Scientific literature

Scientific literature: an overview

Over the last 20 years, various systems have been developed for home use to deliver oxygen in comfort mode. Oxypoint introduces comfort oxygen therapy in hospitals and provides you with the link to the most relevant decisions from the literature that also apply to the hospital environment.

The literature is organized according to the following five topics:

  1. Equivalent oxygen saturation in continuous and comfort mode
  2. Optimal oxygen consumption: In the comfort mode, there is only oxygen delivery during the first phase of inhalation and no oxygen is wasted in the exhalation or absence of the patient. These two measures ensure a drastic reduction in oxygen consumption in hospitals.
  3. Humidification: Need to use a humidifier during oxygen therapy is no longer present when using comfort mode, which eliminates the risk of infection of the humidifier.
  4. Infection risk: The use of a humidifier is a potential risk of infection in the hospital. The comfort mode makes this superfluous.
  5. Technology: The importance of the chosen technology: the performance of comfort mode systems is of uneven quality and an oxygen pulse during the first phase of breathing gives better results for the patient.

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2. Antoine Cuvelier, Jean-Francois Muir, Pierre Czernichow, Emmanuel Vavasseur, Florence Portier, Daniel Benhamou and Dominique Samson-Dolfuss. Nocturnal Efficiency and Tolerance of a Demand Oxygen Delivery System in COPD Patients With Nocturnal Hypoxemia

A dose oxygen delivery system (DODS) device ensures good quality oxygenation among most patients (here: moderate to severe COPD patients), provided that the oxygen flow rate is personalized. The Use of the DODS device permitted an average oxygen consumption reduction of 60%.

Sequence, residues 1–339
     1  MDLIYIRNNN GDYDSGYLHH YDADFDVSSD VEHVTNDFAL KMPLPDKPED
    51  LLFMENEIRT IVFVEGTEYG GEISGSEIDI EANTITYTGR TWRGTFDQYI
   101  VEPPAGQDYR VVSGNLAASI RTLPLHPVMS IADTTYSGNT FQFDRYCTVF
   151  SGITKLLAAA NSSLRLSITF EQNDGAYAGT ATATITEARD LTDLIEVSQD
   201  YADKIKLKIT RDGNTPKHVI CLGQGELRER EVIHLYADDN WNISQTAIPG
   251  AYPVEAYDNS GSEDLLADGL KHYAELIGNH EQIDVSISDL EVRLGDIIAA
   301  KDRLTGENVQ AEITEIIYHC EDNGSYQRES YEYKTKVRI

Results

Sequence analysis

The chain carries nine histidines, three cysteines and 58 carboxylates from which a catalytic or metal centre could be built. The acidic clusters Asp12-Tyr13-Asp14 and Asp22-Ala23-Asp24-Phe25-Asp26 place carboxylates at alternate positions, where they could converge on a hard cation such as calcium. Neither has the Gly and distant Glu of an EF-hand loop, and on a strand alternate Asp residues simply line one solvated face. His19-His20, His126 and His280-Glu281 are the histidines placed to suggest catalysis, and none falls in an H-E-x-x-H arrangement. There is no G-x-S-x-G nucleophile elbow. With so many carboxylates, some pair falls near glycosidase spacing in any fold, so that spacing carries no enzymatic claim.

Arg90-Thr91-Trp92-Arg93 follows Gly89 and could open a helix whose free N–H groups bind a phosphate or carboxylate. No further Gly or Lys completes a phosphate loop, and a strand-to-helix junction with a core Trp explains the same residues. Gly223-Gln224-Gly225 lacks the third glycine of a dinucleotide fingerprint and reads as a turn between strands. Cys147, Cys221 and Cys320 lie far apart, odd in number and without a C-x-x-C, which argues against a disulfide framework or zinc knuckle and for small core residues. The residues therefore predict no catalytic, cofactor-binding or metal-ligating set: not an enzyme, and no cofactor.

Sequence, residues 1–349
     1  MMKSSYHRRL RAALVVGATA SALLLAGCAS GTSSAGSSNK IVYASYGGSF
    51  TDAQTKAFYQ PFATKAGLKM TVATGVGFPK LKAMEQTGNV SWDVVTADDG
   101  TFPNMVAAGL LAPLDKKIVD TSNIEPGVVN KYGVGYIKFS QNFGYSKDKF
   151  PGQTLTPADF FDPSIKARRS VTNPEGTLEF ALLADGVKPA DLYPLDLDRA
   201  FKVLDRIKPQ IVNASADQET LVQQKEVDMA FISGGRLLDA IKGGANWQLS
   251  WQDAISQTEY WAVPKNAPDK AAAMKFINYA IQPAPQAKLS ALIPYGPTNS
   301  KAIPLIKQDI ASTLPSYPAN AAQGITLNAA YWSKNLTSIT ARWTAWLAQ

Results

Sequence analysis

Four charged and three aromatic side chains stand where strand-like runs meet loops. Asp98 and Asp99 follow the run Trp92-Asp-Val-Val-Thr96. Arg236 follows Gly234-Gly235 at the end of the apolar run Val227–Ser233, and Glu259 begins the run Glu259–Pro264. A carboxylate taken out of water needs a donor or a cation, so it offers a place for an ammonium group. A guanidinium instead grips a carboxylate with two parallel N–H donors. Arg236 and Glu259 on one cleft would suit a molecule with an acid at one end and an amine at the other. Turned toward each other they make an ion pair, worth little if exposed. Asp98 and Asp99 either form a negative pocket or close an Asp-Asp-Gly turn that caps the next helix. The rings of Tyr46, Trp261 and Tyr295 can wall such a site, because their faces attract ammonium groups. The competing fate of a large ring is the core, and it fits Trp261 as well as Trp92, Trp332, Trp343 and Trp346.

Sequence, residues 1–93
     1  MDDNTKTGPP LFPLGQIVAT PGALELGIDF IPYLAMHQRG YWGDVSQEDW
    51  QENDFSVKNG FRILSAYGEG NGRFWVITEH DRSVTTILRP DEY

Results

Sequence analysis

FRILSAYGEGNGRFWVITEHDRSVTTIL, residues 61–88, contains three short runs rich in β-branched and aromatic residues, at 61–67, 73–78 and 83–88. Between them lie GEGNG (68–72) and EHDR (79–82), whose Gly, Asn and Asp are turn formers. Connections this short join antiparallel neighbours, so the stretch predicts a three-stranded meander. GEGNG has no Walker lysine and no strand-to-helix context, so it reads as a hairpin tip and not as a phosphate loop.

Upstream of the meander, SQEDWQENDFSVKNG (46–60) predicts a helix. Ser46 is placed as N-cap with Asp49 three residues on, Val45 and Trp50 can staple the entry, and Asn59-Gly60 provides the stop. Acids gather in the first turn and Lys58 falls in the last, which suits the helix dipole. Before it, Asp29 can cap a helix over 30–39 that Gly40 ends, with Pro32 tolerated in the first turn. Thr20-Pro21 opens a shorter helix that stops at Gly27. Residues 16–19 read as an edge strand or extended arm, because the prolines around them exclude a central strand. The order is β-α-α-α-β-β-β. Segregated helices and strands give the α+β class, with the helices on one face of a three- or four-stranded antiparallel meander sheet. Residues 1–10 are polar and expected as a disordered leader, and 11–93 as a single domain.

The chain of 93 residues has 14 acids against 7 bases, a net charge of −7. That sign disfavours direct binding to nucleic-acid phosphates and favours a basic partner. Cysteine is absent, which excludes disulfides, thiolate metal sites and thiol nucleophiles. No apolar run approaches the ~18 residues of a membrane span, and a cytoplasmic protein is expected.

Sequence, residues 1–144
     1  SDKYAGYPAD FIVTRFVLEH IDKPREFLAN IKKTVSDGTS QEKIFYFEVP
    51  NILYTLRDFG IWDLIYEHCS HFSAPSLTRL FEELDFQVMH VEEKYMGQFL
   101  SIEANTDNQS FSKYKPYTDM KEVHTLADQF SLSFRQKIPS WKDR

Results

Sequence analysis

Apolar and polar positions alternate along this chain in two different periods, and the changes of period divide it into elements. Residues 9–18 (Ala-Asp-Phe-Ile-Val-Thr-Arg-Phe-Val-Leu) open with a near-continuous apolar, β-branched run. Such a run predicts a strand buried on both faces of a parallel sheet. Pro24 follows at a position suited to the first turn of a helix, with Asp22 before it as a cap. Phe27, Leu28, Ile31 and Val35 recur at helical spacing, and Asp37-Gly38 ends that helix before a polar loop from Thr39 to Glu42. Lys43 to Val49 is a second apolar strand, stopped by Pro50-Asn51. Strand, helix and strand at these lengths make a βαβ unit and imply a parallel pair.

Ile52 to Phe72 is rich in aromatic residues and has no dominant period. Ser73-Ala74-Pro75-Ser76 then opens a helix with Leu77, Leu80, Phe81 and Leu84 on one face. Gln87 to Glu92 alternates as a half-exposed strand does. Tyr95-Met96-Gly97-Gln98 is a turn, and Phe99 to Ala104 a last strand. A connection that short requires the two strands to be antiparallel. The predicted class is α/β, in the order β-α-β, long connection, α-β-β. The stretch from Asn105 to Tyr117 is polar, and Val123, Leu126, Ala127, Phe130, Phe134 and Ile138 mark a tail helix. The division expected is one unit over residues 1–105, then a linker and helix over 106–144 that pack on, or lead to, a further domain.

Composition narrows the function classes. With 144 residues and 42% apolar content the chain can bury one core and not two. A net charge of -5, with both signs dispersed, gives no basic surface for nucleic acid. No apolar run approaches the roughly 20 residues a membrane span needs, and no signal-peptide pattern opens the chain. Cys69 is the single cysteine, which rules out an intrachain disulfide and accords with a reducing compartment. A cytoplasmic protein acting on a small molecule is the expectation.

2. Nakipoglu Y, Erturan Z, Buyukbaba-Boral O, Aksozek A, Aydin S, Derbentli S. (2005) Evaluation of the contaminant organisms of humidifier reservoir water and investigation of the source of contamination in a university hospital in Turkey. Am J Infect Co

The humidifier reservoir water was heavily contaminated with fungi (46%) and bacteria (30%). Some of these contaminants such as Aspergillus spp, Scedosporium spp, Penicillum spp, F oryzihabitans, and P aeruginosa are known as potentially lower respiratory tract pathogenes and life-threatening in immunocompromised hosts and even outbreaks.

3. Sheldon R. Braun, Ginger Spratt, Graham C. Scott and Mark Ellersieck. Comparison of six oxygen delivery systems for COPD patients at rest and during exercise Chest 1992;102;694-698

The demand oxygen delivery systems (DODS) maintained saturation (SaO2) in rest, which indicates they provide an adequate alternative supplemental oxygen source then continuous delivery in rest. To ensure equivalent saturation as continuous during exercise, the right type of DODS must be used, more specifically increased oxygen delivery during exercise in comparison to a constant minute volume.

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